Monopolies in the United States have existed in many forms. When a business dominates a market, its market power makes it a monopoly. How these businesses use their market power will determine the legality of the monopoly.
- Define market, monopoly, entrepreneur, natural monopoly, and profit.
- Examine the rise of monopolies in the United States.
- Analyze the effect of monopolies in the U.S. economy.
In the United States we value competition in our market system. Competition is a regulating force, along with the self-interest of the consumer in the US economy. They work together to keep prices low and bring new products to the market place; they also foster innovations that help to bring down the cost of doing business. But are there times when one supplier in a market is better than a competitive market? Should the government work to protect that one supplier in a market? This lesson will explore the idea of monopolies and the actions the government uses when faced with monopolies.
Contrary to popular belief, monopolies are not illegal in the United States. What is illegal is actions taken by monopolies to limit competition. This lesson will use the railroad industry and the computer industry to show how monopolies gain their power.
Monopoly Presentation: This EconEdLink presentation introduces the idea of monopolies to students.
Rise of Monopolies: This is an article discussing the rise of monopolies.
Monopoly: This site provides you with the definition of monopoly.
Profit: This site provides you with the definition of profit.
Entrepreneur: This site provides you with the definition of entrepreneur.
Markets: This site provides you with the definition of markets.
Market Structure: This site provides you with he definition of Market Structure.
Market Structure Definition
US v. Microsoft: Timeline: This provides an article regarding United States v. Microsoft.
Interstate Commerce Act (1877): This provides you with an article on the Interstate Commerce Act.
Development of the Railroad Monopoly: This site discusses the railroad monopoly that found its origins in the early 19th century.
The Making of Microsoft: This Stanford site discusses the development of the Microsoft monopoly.
The Building of Big Blue: This Stanford site discusses the development of the IBM monopoly.
Making Microsoft Safe for Capitalism: This site discusses action being taken against Microsoft and their monopoly.
Office 2003 Will Protect Microsoft's Monopoly: This 2003 article discusses concerns that many had about Microsoft promoting its own monopoly.
An Interview with Linus Torvalds: This 2005 interview discussed many aspects of Microsoft's computer industry monopoly.
Use the Monopoly Presentation to explore the history of monopolies in the United States. Next, use the Web links listed below to discover information about monopolies and their role in the economy of the United States.
- Rise of Monopolies
- Monopoly Definition
- Profit Definition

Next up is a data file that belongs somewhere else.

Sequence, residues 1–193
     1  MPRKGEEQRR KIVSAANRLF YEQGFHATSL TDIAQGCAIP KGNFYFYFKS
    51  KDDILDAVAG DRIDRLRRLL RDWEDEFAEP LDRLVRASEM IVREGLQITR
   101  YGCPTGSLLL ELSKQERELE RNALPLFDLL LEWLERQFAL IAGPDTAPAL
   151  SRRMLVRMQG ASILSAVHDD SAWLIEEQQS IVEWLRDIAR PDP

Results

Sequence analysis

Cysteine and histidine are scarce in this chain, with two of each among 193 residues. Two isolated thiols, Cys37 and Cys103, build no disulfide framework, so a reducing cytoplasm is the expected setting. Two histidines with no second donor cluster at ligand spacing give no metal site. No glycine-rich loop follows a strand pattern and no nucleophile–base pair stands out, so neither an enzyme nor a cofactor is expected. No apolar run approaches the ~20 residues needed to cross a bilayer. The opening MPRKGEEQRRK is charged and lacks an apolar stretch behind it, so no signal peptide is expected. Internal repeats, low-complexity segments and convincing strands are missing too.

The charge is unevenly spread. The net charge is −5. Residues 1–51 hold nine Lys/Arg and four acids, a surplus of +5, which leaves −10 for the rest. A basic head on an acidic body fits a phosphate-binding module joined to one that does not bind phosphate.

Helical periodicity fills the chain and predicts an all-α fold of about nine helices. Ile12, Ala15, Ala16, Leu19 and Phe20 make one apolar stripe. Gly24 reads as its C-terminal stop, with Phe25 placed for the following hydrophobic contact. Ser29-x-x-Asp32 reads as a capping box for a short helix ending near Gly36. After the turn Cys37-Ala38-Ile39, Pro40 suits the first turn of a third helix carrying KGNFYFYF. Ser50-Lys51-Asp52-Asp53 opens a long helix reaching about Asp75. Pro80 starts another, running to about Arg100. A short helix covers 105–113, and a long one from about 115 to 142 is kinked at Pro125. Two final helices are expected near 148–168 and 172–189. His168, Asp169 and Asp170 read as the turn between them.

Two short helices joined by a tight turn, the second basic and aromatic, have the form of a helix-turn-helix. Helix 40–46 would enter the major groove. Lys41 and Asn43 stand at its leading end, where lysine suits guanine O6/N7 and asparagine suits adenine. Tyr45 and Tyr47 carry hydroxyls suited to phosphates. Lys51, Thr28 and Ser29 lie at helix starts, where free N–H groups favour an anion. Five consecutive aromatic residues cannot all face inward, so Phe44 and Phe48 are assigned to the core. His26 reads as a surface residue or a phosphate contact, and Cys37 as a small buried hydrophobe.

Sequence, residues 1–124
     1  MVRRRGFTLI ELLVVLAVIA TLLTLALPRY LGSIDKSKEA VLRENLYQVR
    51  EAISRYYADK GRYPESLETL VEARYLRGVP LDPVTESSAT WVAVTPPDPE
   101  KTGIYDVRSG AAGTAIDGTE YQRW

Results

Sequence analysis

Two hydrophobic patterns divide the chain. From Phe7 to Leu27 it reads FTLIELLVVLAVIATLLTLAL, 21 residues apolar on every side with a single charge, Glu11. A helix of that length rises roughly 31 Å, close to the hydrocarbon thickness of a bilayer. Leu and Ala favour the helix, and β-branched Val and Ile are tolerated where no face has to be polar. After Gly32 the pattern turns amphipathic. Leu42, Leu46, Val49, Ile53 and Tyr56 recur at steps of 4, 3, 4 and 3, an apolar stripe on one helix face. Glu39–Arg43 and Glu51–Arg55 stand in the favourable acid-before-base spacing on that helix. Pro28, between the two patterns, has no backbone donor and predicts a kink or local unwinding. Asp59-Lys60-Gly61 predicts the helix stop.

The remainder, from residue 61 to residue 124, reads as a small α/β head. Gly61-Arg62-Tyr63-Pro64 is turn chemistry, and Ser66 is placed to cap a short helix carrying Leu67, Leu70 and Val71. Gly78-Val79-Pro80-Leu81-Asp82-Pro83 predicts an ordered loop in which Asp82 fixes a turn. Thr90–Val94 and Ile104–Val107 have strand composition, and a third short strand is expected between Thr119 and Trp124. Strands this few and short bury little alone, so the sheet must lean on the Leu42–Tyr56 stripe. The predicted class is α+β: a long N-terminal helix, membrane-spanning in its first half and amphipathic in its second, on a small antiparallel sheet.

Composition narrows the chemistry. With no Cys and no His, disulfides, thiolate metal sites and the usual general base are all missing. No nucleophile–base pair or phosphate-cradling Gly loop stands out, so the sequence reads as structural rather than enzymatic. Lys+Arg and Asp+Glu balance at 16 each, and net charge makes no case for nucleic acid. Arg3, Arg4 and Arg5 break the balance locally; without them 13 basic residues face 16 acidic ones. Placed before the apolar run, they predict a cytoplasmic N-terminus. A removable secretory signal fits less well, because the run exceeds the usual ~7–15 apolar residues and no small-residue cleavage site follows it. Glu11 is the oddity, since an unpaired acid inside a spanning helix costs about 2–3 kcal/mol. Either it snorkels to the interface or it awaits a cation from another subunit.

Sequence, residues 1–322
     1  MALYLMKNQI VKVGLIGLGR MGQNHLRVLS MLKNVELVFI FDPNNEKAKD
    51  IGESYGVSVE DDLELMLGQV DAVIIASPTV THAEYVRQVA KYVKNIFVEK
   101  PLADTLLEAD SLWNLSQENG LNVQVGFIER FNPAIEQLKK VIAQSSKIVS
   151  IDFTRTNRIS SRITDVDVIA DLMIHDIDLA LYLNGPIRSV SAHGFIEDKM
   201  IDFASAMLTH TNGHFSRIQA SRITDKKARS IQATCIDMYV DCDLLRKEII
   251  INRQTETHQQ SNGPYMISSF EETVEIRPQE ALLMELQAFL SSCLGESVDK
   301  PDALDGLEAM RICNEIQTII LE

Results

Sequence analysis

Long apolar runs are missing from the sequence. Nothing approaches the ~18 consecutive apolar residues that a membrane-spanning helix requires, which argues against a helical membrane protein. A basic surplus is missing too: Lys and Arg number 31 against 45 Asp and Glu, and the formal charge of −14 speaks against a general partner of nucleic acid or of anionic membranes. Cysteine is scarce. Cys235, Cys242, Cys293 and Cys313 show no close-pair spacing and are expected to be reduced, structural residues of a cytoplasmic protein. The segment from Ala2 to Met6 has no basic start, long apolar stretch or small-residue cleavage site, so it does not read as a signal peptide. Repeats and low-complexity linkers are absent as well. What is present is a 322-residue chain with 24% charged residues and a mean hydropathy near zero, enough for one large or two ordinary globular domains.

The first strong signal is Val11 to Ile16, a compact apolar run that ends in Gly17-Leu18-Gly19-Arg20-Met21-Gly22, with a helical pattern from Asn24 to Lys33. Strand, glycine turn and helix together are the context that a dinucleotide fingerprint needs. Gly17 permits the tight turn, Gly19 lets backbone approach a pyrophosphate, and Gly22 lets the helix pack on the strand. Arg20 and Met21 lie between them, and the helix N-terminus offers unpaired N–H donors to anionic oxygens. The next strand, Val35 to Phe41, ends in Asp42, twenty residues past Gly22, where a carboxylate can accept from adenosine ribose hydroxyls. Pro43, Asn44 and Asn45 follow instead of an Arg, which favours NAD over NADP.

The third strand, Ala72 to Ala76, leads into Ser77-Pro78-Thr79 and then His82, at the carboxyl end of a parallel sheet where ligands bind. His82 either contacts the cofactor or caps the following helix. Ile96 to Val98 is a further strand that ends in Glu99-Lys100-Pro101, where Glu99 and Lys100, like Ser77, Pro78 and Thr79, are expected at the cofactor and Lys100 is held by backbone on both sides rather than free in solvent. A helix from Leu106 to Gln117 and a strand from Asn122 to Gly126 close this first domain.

- Entrepreneurship Definition
- Markets Definition
- Market Structure Definition
- U.S. v. Microsoft: Timeline
- Interstate Commerce Act (1887)
Ask the students what they discovered from the presentation and related Web links. Ask them if they think monopolies are a good thing or a bad thing. Ask them to back up their statements using information from the resources they just read.
What is your definition of market? [A market is a mechanism that allows people to trade goods and services.]
What is your definition of monopoly? [A monopoly is a persistent market situation where there is only one provider of a product or service.]
What is your definition of entrepreneur? [An entrepreneur is a person who brings a new or existing product to a new or existing market.]
- What is your definition of profit? [Profit is the value gained from business operations.]
Using the examples of the railroad and computer industry, describe how certain companies in those industries achieved monopoly status.
Answers should follow the information in the links that describe the two industries:
The Development of the Railroad Monopoly
The Making of Microsoft
The Building of Big Blue
What do the critics of the case United States v. Microsoft say about the governments case? Do you agree or disagree? Use facts to backup your arguments.
Monopolies arise when one company can dominate a market. We can find ecamples from the railroad industry in the early nineteenth century, or we can use the example of Microsoft and the computer industry in the early twenty-first century. Consumers benefit when there is competition in a market place. Monopolies sometimes limit competition and cause prices to be higher than they would be in a competitive market. Will Microsoft run into the same problems the railroad industry did? Or can Microsoft keep its status as the largest software business in the world? Only time will tell.
What is Microsoft up to now?
Have the students research the various cases against Microsoft and write an essay detailing the current state of legal action against Microsoft. The search can be local or international.
Below are a few Web links to help the students start their investigation.
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